Sunday, May 15, 2011

Yeast - Dry or Liquid?

When it comes to making beer, it has been said a million times before, but is worth reiterating; yeast makes beer, not brewers. The importance of this statement is not just to explain the part that yeast plays in turning your sweet wort into alcoholic beer, but rather to emphasize the fact that if you want to make good, or even great beer, then yeast should be one of your focus areas. There are lots of yeast strains to choose from but one of the first decisions to be made is whether to use dry or liquid yeast.

Dry Yeast

Dry yeast is probably where most homebrewers will start. If you begin with kit brewing you would normally get a sachet of dried yeast included with your kit. Once you move onto extract or all-grain brewing you then have the option to continue using dried yeast.

Varieties: There are a limited number of yeast strains available in dry form and that is due to the fact that not all yeast strains can be freeze dried successfully. Popular dry yeasts include US05, US04 and Nottingham.

How to Use it: The optimal way to use dried yeast is to rehydrate it prior to pitching. To do this simply get a plastic bottle and fill with 100ml of boiled water and let it cool to 20-25c. Then pour the sachet of yeast into the bottle, but do not shake. Cover the top with some foil and then let it sit for 10-15 minutes, then you can gently swirl the bottle and allow to sit for another 10-15 minutes. Once you wort has cooled to roughly 20c you can then pour in the contents of the bottle and stir it in.

Pro's: There are a number of advantages of dry yeast. It is relatively cheap compared to other forms of yeast and it is also very easy to use.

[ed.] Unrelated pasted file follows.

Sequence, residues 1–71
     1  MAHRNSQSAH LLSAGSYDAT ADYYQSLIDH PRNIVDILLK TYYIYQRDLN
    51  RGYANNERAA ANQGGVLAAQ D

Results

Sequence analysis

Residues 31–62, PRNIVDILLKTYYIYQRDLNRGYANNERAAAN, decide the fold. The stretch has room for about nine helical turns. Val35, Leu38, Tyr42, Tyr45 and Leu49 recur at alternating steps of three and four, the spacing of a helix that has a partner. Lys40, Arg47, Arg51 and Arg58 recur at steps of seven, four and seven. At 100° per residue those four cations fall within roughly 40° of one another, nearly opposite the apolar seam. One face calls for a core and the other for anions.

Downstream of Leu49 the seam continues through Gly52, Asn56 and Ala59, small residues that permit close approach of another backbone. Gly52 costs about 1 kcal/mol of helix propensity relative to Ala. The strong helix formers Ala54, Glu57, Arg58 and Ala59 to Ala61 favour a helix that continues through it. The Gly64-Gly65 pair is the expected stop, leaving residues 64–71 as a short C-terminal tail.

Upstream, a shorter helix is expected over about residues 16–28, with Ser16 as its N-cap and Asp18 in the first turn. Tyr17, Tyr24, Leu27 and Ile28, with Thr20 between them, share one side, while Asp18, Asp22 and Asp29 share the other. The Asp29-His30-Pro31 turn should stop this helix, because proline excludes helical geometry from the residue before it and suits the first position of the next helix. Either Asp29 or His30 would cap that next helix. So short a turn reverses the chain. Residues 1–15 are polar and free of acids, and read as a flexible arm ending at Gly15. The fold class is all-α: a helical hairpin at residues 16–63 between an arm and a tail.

Con's: The main downside of dried yeast is the limited variety of yeast strains. Also as with any food stuff that has been dried it certainly loses some of the flavours and freshness that you would get with a liquid yeast.

Summary: An easy to use dependable form of yeast that is particularly good for beginner homebrewers who wants to focus more of their attention on other elements of the brewing process.

Liquid Yeast:

Liquid yeast is the choice for more advanced homebrewers. Due to the wide choice of yeast strains it allows you to brew a beer with the specific strain that is traditionally used.

Varieties: Yeast strains available in liquid form number in the hundreds and style specific strains allow for a much more authentic brew to be made. 

How to Use it: Liquid yeast normally comes in two distinct forms. Either pitchable yeast which can be used straight from the vial or alternatively the yeast may require a starter wort to be made. The simple instructions on creating a starter wort are detailed on the packaging, and although time consuming is very straight forward.

Pro's: The advantages of liquid yeast really lie in two main areas, firstly the variety of strains allows for much greater choice. Secondly, once prepared correctly, it can offer a much healthier yeast as it is much fresher. Another option is to reuse the yeast slurry from a batch of beer and so it can be used through a number of batches.
Pitchable yeast allows you to pitch
directly into a 5 gallon batch.

Con's: The disadvantages of liquid yeast are that it is more expensive that the dried version and also if you use a form that requires a starter wort to be made this can be quite time consuming.

Summary: When choosing which type of yeast to be used I would recommend that beginners use dried yeast. This is due to the fact that when beginning to brew there is quite a lot of processes to get your head around and the added complication of having to prepare a yeast starter is probably something the beginner can do without. For more advanced brewers I would suggest it is a matter of 'horses for courses'. If you are brewing a simple sessionable pale ale you can do no wrong going with the dry yeast strain US05. However if you are brewing a beer that requires more of an input from the yeast to create its flavour and profile I would certainly look at liquid yeast options.

Further Reading: Wiki - Yeast
How to Brew, John Palmer - Chapter 6: Yeast (online edition)

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